ROTH UNBOUND: A Writer and His Books
By Claudia Roth Pierpont
Farrar, Straus and Giroux,
353 pp., $27
Philip Roth, who last year announced his retirement from writing novels, isn’t completely finished. As Claudia Roth Pierpont (no relation) points out, the author still pens essays and letters, writing constantly; he “can’t stop turning life into words.” And although this isn’t a typical no-stone-unturned biography — some girlfriends are barely mentioned — in chronicling and examining Roth’s fictional oeuvre Pierpont brilliantly captures much of Roth’s life in her words. Prolific and provocative, Roth repeatedly wrestled with ideas of Jewish identity, American politics, psychoanalysis, history, and sex. From early fame with “Goodbye, Columbus” and “Portnoy’s Complaint,” Roth’s work included some critically savaged experiments before a kind of renaissance with “American Pastoral,” “The Human Stain,” and “The Plot Against America.” These late novels earned him some of the best reviews of his life, but Pierpont says, “[I]t is equally possible to favor some of the more unruly and ecstatic earlier books, as I do.”
Pierpont describes a man “placidly uninterested in literary trends,” yet rarely placid about anything else. Pilloried by some Jewish voices after “Portnoy” and frequently labeled a misogynist for his treatment of his female characters (and, unfairly in Pierpont’s opinion, in the picture painted of him in his second wife’s memoir), Roth “courted the wrath of the rabbis, the Times critics, and the feminists.” A staff writer for The New Yorker and a friend of Roth’s, Pierpont brings admiration and affection to her assessment, while never relinquishing critical integrity. A “master of the rapturous list,” Roth can go too far, building fiction out of “a compendium of speeches, propositions, and diatribes.” Yet it’s from one of his least successful books that Pierpont mines this gem, “as close to a credo as Roth has ever written’’: “As an artist the nuance is your task. Your task is not to simplify. . . . Not to erase the contradiction, not to deny the contradiction, but to see where, within the contradiction, lies the tormented human being.”
VANISHED: The Sixty-Year Search for the Missing Men of World War II
By Wil S. Hylton
Riverhead, 272 pp., illustrated, $27.95
Often overshadowed by their more familiar European counterparts, the Pacific battles of World War II left behind thousands of families whose soldier sons and husbands were declared missing rather than dead. No hushed commemorations at cemeteries in Normandy for the survivors of these casualties, who likely died in the air or water. This kind of loss, writes Wil S. Hylton, is not only devastating but unsettling; loved ones “faced a story with no ending, and their inconsolable grief had as much to do with narrative as with death.”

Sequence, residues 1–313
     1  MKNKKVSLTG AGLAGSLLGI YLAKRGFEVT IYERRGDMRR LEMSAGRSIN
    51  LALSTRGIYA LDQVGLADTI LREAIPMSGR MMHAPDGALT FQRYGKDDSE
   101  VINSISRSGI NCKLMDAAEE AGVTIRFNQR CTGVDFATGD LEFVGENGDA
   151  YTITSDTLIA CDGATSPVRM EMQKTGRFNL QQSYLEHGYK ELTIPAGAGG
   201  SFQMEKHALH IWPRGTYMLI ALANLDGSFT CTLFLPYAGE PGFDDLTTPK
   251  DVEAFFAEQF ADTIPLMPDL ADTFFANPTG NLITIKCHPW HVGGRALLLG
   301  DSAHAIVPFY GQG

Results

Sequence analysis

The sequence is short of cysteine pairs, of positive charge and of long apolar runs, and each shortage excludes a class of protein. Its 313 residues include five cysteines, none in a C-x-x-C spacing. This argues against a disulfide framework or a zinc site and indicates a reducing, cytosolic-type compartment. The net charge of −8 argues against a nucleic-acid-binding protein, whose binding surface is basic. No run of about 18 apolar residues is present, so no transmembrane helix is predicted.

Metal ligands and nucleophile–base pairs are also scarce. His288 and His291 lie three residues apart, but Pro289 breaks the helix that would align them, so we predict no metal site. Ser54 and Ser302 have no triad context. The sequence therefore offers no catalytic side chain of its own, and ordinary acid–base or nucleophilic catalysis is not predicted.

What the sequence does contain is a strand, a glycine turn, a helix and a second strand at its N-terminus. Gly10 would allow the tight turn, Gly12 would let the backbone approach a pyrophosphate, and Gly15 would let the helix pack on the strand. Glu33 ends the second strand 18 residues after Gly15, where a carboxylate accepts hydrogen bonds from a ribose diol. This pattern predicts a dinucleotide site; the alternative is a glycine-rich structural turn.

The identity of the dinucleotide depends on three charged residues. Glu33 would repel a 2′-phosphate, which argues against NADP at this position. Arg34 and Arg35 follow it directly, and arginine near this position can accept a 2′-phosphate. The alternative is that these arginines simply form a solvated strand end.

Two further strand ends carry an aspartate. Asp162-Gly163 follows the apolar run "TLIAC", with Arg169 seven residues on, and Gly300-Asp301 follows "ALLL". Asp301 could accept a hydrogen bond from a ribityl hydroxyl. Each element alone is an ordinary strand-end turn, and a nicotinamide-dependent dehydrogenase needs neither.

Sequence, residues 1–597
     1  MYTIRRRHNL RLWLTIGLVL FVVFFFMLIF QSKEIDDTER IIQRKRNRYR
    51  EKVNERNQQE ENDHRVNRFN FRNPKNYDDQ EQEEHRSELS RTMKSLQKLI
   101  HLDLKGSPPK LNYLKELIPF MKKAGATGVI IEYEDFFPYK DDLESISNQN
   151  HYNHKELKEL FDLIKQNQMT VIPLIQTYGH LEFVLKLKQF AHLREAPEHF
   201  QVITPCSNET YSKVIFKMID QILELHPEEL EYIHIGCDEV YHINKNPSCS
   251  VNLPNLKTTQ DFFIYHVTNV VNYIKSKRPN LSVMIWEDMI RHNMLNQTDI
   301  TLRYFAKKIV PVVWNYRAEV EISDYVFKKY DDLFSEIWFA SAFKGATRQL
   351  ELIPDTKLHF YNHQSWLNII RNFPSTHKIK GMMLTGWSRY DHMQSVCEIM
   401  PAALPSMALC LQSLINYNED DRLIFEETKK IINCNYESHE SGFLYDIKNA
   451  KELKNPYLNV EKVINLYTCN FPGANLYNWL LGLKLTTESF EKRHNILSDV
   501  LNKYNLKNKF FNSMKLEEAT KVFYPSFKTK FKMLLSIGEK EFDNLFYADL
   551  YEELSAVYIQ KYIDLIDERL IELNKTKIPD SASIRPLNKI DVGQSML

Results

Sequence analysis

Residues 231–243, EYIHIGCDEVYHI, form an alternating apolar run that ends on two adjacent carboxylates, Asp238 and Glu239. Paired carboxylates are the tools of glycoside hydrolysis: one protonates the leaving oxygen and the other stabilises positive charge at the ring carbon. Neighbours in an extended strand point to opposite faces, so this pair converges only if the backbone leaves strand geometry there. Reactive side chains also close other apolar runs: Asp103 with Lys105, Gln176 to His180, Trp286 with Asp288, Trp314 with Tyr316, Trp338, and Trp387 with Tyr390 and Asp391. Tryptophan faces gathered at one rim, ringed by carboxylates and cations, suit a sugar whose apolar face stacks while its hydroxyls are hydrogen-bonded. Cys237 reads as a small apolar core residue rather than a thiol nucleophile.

“Vanished,” which chronicles the search for an airplane crew presumed missing over the South Pacific islands of what is now Pelau, marries an almost cinematically well-paced narrative with a deep sensitivity to the people whose lives it tells. The book, Hylton’s first, blends two stories: One tells of the divers, archaeologists, and amateur searchers whose quest is part adventure, part homage. The other follows the heartbreakingly young airmen, mostly from rural or small-town poverty (for many, Hylton writes, “[t]heir uniforms would be their first suits; their barracks, their first homes with lights and plumbing”), whose plane was shot down in 1944. Their letters home capture their fear and excitement, their boredom, their love for one another — and for the young wives and babies they left behind.
A READER’S BOOK OF DAYS: True Tales from the Lives and Works of Writers for Every Day of the Year
By Tom Nissley
Illustrated by Joanna Neborsky
Norton, 448 pp., $24.95
Believers in astrology will be put off by this book, because how could the zodiac really work if Thomas Mann and V. C. Andrews share a birthday (June 6)? Now, Edgar Allen Poe and Patricia Highsmith (Jan. 19) does make sense. One of those essential household objects, this book lists writers’ birthdays, death dates, and important events (such as the amputation of Arthur Rimbaud’s right leg on May 27). Even more tantalizingly, it combs through the literary landscape to highlight important fictional dates, from the Jan. 1 diary entry by Charlotte Haze in “Lolita” to Dec. 20, the date on which all of the action in Stewart O’Nan’s “Last Night at the Lobster” takes place. Terrifically fun.
THE SMITHSONIAN’S HISTORY OF AMERICA IN 101 OBJECTS
By Richard Kurin
Penguin, 762 pp., illustrated, $50
This is a wonderful idea for a book — telling an entire nation’s history not through the biographies of famous leaders or the dates of major events, but through a well-selected set of objects. Selected by curator Richard Kurin and colleagues, the objects reflect a long timeline (beginning with shale fossils half a billion years old) and a broad conception of history (pop culture, sports, and business, along with the usual political and military stuff).
Still, some might argue that titling a section on World War II “Greatest Generation” represents more hype than history (and another section’s title, “Manifest Destiny,” seems downright retrograde, unless the author meant it ironically). At times the prose feels as if it were written for the very young, or perhaps those visiting from another planet (the chapter on Julia Child’s kitchen begins: “Food acquisition, processing, and cooking are essential to all humans . . . ”), or worse, as if calibrated not to offend (all writing on slavery ends with the triumph of its end). A second volume looking at more vexed objects — a Boston anti-busing sign, for instance — would be welcome.